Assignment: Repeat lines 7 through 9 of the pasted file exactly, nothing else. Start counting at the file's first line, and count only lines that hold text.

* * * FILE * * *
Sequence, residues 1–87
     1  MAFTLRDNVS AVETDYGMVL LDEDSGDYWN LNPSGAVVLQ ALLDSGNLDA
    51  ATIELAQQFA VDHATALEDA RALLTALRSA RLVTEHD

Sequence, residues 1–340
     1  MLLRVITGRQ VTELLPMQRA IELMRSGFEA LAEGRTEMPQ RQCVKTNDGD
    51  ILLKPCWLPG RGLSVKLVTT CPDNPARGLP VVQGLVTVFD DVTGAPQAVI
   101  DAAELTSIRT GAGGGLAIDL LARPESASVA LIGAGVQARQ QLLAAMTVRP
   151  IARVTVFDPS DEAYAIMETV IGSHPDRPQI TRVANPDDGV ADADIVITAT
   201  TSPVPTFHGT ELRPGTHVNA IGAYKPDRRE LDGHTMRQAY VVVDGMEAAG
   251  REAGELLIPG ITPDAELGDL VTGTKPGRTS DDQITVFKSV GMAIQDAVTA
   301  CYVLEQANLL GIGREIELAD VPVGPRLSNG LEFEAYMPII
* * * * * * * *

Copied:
   101  DAAELTSIRT GAGGGLAIDL LARPESASVA LIGAGVQARQ QLLAAMTVRP
   151  IARVTVFDPS DEAYAIMETV IGSHPDRPQI TRVANPDDGV ADADIVITAT
   201  TSPVPTFHGT ELRPGTHVNA IGAYKPDRRE LDGHTMRQAY VVVDGMEAAG